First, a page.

Anatomy Resources for Blenderheads

Anatomy is a subject dear to my heart, and drawing and modelling anatomical forms is a skill I’m always striving to improve. With that in mind I wanted to write a post about some of the resources that I have found most useful in improving my anatomy knowledge, as well as sharing some of my own studies.

>< ><

>< ><

The above are a couple of quick sculpts I did in blender over the weekend using one of my favourite anatomy books, Burn Hogarths Dynamic Anatomy, as a reference. Dynamic Anatomy is by far the most useful book in my anatomy library (though the title of favourite would have to go to Bridgmans The Human Machine) , and I encourage anyone with the remotest interest in improving their anatomy knowledge to hit the bookstores and pick it up. I wanted to highlight it in particular because unlike other artistic anatomy books with more 2D focussed styles such as Bridgmans, Hogarth was such a master of constructing and rendering the figure in three dimensions that his drawings make excellent reference for traditional and 3D artists alike. The way he draws the forms of the muscles and anatomical landmarks is really readable and clear, so they make excellent reference for modelling and sculpting in 3D.

>< ><

As a bit of background, Burne Hogarth was the illustrator behind the original Tarzan Sunday comics and graphic novel, and his mastery at drawing the human form (and at teaching his students to do so) was what popularised the idealised human form that became the archetype for comic book heroes which persists to this day.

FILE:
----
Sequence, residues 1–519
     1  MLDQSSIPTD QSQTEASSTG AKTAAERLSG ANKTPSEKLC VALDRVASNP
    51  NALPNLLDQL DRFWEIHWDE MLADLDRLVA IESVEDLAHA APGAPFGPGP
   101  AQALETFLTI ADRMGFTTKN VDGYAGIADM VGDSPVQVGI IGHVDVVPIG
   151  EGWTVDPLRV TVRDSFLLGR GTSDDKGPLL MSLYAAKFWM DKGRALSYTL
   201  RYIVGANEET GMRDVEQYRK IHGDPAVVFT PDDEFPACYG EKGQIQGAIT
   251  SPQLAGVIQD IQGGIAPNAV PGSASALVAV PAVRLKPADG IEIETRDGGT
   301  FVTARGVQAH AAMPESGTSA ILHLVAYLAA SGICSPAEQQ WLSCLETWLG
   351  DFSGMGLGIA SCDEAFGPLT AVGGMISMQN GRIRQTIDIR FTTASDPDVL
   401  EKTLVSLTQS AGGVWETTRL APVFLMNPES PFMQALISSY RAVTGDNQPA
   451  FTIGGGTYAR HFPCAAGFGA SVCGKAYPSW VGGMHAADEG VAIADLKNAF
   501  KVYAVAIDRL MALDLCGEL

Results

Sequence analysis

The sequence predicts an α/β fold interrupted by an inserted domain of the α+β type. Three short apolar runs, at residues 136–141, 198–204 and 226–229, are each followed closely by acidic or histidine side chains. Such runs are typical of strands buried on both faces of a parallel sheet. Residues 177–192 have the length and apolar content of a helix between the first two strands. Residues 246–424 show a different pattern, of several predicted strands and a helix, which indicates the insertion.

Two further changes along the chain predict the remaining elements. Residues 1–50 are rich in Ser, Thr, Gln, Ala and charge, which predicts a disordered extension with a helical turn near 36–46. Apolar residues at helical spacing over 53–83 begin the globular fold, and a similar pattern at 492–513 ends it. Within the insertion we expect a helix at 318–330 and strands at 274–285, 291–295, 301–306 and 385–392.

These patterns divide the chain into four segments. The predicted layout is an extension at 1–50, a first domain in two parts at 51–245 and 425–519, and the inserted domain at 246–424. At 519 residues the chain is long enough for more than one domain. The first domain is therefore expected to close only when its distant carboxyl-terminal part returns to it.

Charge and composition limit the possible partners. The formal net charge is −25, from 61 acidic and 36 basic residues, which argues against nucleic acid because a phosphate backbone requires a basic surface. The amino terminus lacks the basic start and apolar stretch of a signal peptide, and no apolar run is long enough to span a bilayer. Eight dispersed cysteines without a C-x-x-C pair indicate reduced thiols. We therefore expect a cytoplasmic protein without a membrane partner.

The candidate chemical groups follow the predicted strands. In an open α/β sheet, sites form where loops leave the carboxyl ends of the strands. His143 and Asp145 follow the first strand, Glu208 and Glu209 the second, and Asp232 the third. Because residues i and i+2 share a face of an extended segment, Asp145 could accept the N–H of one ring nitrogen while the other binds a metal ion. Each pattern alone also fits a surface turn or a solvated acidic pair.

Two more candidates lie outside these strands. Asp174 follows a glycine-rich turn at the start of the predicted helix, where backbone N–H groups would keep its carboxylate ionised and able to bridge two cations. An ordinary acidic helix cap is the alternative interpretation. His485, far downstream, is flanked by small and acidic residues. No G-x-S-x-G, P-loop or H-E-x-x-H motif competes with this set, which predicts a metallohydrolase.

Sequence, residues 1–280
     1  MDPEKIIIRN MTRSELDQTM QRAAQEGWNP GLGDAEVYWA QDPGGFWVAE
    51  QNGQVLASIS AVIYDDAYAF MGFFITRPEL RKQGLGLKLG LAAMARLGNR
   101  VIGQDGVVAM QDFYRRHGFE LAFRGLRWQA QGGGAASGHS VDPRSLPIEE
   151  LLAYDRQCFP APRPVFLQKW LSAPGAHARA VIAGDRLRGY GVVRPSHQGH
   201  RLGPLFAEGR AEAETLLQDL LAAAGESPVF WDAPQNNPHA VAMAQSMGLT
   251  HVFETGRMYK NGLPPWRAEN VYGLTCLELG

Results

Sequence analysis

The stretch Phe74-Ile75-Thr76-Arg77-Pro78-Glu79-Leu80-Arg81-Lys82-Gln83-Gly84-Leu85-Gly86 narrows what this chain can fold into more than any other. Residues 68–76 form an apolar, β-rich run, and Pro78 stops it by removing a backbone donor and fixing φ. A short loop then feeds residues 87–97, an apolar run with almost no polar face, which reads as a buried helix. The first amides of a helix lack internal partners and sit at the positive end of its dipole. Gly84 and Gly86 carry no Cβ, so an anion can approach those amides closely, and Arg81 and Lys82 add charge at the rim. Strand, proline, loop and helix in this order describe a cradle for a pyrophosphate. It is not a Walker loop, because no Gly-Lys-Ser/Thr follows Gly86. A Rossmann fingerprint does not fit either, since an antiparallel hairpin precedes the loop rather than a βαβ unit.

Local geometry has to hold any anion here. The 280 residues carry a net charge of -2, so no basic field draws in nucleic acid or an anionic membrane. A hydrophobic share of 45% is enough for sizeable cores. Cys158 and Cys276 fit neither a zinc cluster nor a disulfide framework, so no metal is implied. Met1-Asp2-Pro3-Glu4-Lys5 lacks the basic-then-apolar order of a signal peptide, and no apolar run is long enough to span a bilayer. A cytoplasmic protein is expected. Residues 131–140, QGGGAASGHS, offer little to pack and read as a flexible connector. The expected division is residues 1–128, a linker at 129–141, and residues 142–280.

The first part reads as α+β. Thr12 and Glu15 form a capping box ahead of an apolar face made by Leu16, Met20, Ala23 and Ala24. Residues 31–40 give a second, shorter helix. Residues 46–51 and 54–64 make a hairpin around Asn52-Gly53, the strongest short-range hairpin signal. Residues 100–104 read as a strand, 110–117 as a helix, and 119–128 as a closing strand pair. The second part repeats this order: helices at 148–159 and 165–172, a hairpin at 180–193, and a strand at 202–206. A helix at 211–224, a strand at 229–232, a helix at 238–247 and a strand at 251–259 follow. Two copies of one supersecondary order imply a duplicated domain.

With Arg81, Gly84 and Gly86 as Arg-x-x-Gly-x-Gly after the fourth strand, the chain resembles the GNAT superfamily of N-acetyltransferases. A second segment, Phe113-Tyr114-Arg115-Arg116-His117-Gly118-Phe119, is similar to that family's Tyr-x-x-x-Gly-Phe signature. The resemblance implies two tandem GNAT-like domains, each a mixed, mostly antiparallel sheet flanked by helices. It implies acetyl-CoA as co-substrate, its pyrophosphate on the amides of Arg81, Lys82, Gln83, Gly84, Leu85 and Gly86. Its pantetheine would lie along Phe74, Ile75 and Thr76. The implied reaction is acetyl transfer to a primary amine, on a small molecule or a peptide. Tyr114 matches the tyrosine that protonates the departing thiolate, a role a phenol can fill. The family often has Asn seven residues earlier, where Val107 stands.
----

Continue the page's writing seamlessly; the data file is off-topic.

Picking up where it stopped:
>< ><

Dynamic Anatomy is full of beautiful illustrations of all aspects of the figure, as well as drawings of heads and faces that are great to look up and study when sculpting. It also has a good mix of male and female figures, something a lot of anatomy books miss out on.

One of my studies from Dynamic Anatomy. The real thing is much better.

>< ><

A few of my other favourites are any of George Bridgmans books, particularly Constructive Anatomy and The Human Machine. Bridgman was sort of the grandaddy when it comes to modern art education, his list of pupils included greats like Andrew Loomis and even Norman Rockwell. Speaking of Loomis, for those who like to model from ortho refs, both his books on figure drawing and Jeno Barcasay’s Anatomy for the Artist have some excellent illustrations for modelling from:

Ortho views from Jeno Barcasay’s Anatomy For the Artist

>< ><

A couple of leg studies I did from Bridgman’s Constructive Anatomy

>< ><

As far as online resources, below is a list of my favourites, but a couple that deserve special mention are posemaniacs.com and characterdesigns.com. Both are fantastic reference for drawing and modelling the figure, as well as just gaining inspiration. Another absolute goldmine are a couple of threads by probably my favourite living artist Michael Mentler over on ConceptArt and CGTalk. They are mainly drawing focussed, but many of the principles are fairly universal (particularly those on proportion), plus his drawings are gorgeous:

>< ><

More anatomy resources:

Dream Anatomy

Gray’s Anatomy Plates on Wikimedia

Artistic Anatomy Blog

The Art of Anatomy Forum


thisroomthatikeep (Aug 19, 2010)

Thanks for another great post, Ben! :)

Also, I share your view on Mentler, I remember when I discovered his thread at cgsociety. I was shocked; his drawings are soooo beautiful. And his advice for drawing the human form, invaluable.

Anatomie a Python - Raha.cz (Nov 21, 2011)

[…] http://bensimonds.com/2010/08/18/anatomy-resources-for-blenderheads/ […]

mononaurus (Jul 11, 2012)

Thank you very much.

, , , , , , , , , , — Aug 18, 2010